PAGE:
Summer ice loss in parts of Antarctica is at its highest in 1,000 years, according to a new study
which finds that the melt is coming largely from underneath ice shelves, the floating edges of the ice sheet that extend over the ocean.
The study is the first comprehensive survey of all the Antarctic ice shelves, which are the 1.5 million square kilometers that fringe much of the frozen continent.
Lead author Eric Rignot
, a professor at the University of California, Irvine, says ice melt from below accounted for 55 percent of the shelf loss from 2003 to 2008, a rate much higher than previously thought.
“We find that the melting of the underside of the ice shelves is even larger than the production of icebergs," Rignot said. "So it is the dominant process of ice removal in the Antarctic.”
Rignot and colleagues used satellite observations, radar and computer models to measure features above the ice to calculate what was going on below.
“That includes the velocity of the ice, the thickness of the ice, how fast the freeboard [height of ice above sea level] of the ice shelf is changing with time and also how much snowfall there is on the top of the ice shelves,” Rignot said.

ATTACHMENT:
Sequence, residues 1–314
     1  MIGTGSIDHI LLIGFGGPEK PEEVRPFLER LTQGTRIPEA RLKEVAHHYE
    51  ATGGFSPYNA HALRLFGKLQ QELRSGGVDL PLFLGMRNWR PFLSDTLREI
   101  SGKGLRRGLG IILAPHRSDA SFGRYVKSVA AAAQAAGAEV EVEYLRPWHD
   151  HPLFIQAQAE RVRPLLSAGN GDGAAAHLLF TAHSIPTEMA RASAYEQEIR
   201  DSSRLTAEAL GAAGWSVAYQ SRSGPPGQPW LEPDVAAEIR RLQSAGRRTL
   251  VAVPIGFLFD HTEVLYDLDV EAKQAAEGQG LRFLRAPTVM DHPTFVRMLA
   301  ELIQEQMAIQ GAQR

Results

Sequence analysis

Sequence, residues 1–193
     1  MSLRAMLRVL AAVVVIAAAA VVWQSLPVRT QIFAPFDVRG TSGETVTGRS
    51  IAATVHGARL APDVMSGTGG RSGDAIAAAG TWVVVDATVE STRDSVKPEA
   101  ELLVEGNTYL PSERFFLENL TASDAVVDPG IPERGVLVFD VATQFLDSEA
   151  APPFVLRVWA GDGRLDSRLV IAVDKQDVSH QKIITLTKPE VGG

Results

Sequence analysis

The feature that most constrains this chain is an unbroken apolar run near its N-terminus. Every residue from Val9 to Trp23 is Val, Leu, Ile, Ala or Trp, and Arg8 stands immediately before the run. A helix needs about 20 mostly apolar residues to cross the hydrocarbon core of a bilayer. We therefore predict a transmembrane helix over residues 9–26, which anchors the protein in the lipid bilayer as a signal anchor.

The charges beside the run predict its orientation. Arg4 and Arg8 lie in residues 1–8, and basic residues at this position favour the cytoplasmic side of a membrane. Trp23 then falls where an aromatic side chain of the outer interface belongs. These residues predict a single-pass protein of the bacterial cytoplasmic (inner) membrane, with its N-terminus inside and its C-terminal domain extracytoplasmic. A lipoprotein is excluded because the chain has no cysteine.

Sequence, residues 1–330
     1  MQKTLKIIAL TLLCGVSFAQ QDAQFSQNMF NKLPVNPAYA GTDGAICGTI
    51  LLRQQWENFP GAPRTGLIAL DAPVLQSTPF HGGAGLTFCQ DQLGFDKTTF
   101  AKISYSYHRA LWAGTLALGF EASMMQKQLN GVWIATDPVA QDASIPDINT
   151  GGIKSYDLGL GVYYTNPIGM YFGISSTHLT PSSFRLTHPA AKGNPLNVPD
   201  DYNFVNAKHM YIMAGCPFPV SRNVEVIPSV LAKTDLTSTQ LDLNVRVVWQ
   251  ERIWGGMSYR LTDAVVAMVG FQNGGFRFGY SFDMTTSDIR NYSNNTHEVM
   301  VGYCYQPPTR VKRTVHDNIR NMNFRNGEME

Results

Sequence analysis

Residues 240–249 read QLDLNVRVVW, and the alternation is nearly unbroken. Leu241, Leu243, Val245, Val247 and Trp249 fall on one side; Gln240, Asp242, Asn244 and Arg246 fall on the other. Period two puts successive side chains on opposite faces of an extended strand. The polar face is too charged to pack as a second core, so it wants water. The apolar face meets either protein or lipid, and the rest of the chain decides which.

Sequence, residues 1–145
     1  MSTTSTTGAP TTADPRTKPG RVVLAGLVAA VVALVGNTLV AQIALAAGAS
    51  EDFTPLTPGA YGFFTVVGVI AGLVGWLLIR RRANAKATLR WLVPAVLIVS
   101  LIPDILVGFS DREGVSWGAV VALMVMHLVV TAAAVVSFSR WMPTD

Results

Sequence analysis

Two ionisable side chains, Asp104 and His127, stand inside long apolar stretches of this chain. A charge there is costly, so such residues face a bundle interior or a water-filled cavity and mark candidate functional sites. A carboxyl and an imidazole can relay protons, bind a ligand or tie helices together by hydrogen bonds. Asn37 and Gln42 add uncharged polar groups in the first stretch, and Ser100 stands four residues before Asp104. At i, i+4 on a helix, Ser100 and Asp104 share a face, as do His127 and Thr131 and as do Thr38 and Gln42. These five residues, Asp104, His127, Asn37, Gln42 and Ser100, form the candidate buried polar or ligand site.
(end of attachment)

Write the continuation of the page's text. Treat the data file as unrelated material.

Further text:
The measurements showed regional differences around the continent. The giant ice shelves - Ross, Filchner and Ronne - make up two-thirds of Antarctica’s ice shelves, yet accounted for only 15 percent of the melting.
Meanwhile, a dozen small ice shelves, which sit on relatively warmer water, produced half the total water from ice melt during the same period.
“That means that in a regime of climate warming where the properties of the Southern Ocean are changing, they may be changing faster than other oceans in the world," Rignot said. "We may be in a situation where the coastline of Antarctica may be changing at a faster pace than we thought in the past.”
The ocean is a very sensitive system, according to Rignot, and even small shifts, like changes in ocean circulation driven by wind, can make a huge difference in ice shelf melt.
“If the wind regime changes in the Southern Ocean, it is going to change the way the ocean heat is distributed on the coast, and that’s going to affect glaciers,” he said.
Sixty percent of the planet’s fresh water is locked in the massive Antarctic ice sheet. Rignot says the study will help scientists predict how the continent responds to a warmer ocean and contributes to global sea level rise.
“I think that it places more emphasis on the enormous importance of ice-ocean interaction in the Antarctic," he said. "If we really want to understand how these ice shelves evolve and will evolve in the future we must understand how the ocean is contributing to their melting in the underside.”